I have suit limitations. No, this has nothing to do with the ill-fitting JC Penney suit my mom bought me for my high school graduation. Nor does it have to do with the profuse sweat I produce when I have to don a suit during Portland’s sweltering summer. My suit limitations are a common hindrance to my life as an insurance coverage lawyer.
As many of you know, my practice focuses on insurance coverage. Among my clients are associations and individuals pursuing claims against their own insurers (“first-party insurance” claims). Many folks I encounter are familiar with the “statute” of limitations applicable to pursuing construction defect claims in Oregon and Washington. I receive many quizzical looks when I inform prospective clients their first-party claims will be subject to a “suit” limitation instead of a “statute” of limitations. A suit limitation is a common provision in an insurance policy that requires a claim to be brought within a certain period of time. Most policies have a two-year suit limitation provision. Courts routinely enforce these provisions even though they shorten the otherwise applicable statute of limitations.
There are exceptions to strict application of these suit limitation provisions. Under certain circumstances, for instance, the suit limitation provision does not start to run until the client “knows” of the damage. That is why we can often recover from historical insurance policies (e.g. we’ve recovered under an Association’s 1998 policy for damage discovered around 2016). The biggest problem I encounter is when an Association receives notice, often in the form of a report, identifying property damage. Insurers will certainly argue that this starts the clock on the suit limitations provision. Board members and managers should have their antennae raised when they receive a report identifying property damage or even potential property damage. In light of the short window provided by the suit limitations provision, it is worth consulting an experienced attorney to see if additional steps are required to preserve rights.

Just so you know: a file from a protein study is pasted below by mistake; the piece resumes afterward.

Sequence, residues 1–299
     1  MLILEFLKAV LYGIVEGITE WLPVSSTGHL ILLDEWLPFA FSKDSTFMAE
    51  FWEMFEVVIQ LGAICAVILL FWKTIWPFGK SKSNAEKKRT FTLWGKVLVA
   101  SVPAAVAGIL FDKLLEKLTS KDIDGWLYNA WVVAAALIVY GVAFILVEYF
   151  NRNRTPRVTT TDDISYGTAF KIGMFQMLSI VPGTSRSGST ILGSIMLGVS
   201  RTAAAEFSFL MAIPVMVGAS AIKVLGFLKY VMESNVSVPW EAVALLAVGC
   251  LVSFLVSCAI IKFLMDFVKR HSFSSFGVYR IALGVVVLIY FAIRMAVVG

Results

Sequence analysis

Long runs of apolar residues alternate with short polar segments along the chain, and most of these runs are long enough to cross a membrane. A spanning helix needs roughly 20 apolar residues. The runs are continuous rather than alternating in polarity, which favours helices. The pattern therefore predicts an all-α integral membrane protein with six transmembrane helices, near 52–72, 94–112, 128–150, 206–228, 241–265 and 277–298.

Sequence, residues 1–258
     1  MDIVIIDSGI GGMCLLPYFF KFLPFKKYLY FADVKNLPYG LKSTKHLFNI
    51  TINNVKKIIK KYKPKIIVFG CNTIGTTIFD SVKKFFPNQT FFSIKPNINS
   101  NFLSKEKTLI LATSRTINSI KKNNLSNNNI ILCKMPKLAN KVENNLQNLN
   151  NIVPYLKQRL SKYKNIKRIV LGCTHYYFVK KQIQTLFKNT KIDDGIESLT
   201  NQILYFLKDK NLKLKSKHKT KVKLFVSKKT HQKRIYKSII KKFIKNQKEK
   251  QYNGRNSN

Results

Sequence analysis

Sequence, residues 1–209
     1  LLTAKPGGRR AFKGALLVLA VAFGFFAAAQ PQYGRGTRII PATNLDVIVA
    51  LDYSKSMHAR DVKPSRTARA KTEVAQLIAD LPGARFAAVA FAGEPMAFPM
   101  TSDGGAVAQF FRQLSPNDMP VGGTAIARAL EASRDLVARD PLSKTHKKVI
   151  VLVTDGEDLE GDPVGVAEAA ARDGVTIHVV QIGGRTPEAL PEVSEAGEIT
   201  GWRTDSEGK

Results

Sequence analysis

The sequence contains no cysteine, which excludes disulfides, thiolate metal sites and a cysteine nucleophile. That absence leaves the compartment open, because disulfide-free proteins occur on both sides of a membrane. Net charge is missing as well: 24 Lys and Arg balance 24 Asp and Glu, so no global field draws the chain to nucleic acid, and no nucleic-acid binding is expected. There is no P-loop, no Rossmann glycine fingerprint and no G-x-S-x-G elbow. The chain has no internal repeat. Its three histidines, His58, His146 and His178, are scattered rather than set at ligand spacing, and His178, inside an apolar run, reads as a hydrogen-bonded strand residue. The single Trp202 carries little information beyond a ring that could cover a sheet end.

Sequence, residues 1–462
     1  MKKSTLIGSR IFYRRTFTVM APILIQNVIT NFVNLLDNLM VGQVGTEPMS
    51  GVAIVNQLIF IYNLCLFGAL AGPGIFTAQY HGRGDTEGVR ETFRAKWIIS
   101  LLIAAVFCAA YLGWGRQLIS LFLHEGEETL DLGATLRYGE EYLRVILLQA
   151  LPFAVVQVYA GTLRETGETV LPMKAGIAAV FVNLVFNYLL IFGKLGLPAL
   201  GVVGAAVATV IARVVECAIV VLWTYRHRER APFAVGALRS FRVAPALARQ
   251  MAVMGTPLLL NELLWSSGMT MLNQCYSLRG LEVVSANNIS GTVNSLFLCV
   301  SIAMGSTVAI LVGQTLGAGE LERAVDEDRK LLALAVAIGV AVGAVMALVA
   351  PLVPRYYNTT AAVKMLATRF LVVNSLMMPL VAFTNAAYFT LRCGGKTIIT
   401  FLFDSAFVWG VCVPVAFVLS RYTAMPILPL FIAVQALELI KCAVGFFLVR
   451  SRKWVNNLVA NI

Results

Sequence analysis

Recently, my wife “accidentally” gave my JC Penney suit to goodwill. Like my suit, if an Association fails to act in a timely matter, its suit will also be lost forever.